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The reader will learn, in the course of this narrative, the reasons which induced the writer to take a voyage to Circassia. Warmly sympathizing with the patriotic mountaineers in their struggle against their oppressors, he was himself, during his twelvemonth's residence among them, too actively engaged and too deeply absorbed in it to find leisure for literary composition. It was only on his return to Constantinople that, at the recommendation of his friends, he undertook to draw up some account of what he had witnessed, while his recollections were fresh, and the interest
now awakened at home on the subject might render it acceptable.
Without entering at present into the causes that have made the soil of Circassia untrodden, if not forbidden, ground to the traveller, it is sufficient to assert the fact, as an apology for publishing sketches, which, however superficial, have at least the negative merit of novelty to recommend them.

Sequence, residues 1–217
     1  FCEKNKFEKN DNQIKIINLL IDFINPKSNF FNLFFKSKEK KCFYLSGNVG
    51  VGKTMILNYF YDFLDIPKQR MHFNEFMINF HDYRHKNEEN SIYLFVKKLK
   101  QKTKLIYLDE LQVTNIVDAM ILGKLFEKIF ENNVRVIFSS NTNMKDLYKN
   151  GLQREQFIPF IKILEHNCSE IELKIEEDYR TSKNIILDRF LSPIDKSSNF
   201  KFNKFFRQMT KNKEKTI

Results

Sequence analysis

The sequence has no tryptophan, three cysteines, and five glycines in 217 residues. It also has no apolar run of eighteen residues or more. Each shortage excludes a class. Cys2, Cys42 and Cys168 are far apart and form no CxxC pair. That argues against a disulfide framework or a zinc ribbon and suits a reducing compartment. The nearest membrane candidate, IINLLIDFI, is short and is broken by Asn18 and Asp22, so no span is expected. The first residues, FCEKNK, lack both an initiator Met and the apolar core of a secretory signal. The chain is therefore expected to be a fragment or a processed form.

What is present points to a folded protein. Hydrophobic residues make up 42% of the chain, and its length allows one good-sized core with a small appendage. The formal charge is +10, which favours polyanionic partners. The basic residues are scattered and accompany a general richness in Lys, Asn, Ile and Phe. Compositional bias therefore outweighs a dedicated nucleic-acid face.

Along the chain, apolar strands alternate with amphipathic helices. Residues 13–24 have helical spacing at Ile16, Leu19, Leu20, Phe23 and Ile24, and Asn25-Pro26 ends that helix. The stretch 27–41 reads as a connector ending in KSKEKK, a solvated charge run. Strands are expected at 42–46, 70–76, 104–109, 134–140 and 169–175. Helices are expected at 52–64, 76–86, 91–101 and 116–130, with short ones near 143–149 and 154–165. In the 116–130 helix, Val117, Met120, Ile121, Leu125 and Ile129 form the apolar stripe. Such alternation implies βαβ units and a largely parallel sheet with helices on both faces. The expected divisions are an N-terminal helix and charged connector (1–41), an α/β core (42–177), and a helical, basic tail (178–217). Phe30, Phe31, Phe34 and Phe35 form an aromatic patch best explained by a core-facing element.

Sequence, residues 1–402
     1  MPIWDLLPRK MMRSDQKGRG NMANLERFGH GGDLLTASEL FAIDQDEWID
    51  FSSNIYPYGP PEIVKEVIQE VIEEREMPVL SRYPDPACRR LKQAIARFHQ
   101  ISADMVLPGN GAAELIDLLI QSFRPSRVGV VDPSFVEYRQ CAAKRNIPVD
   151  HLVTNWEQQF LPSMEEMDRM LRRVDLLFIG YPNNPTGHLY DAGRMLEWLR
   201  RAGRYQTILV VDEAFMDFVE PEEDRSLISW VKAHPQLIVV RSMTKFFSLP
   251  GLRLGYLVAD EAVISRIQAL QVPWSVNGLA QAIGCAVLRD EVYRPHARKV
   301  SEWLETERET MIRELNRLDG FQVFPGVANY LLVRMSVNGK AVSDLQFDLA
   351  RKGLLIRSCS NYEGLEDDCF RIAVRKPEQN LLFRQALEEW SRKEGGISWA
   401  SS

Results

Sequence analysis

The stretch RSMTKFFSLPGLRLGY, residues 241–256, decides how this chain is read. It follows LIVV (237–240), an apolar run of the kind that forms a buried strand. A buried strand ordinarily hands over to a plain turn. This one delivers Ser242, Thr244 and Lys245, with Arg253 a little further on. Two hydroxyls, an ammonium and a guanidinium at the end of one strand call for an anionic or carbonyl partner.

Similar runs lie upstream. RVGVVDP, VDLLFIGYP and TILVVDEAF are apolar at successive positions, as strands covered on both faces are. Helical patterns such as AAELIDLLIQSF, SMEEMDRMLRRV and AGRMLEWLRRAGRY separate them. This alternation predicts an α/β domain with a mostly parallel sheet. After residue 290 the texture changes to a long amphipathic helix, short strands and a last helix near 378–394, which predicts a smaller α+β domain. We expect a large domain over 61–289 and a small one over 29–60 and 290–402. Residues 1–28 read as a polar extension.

All that has been written on the subject of this country may be summed in a few words. Klaproth's work is one of great antiquarian research, and so far valuable, but his account of a country into which he never penetrated is necessarily meagre and imperfect. Pallas, though a lively writer, labours under a similar disqualification. The Chevalier Taitbout de Marigny visited Circassia in times comparatively peaceful and prosperous, and his amiable character harmonizing with the subject, has invested it with a peculiar charm to those who have found the scenes he so faithfully describes a theatre of the most desolating warfare.
Marigny touched at three places on the coast,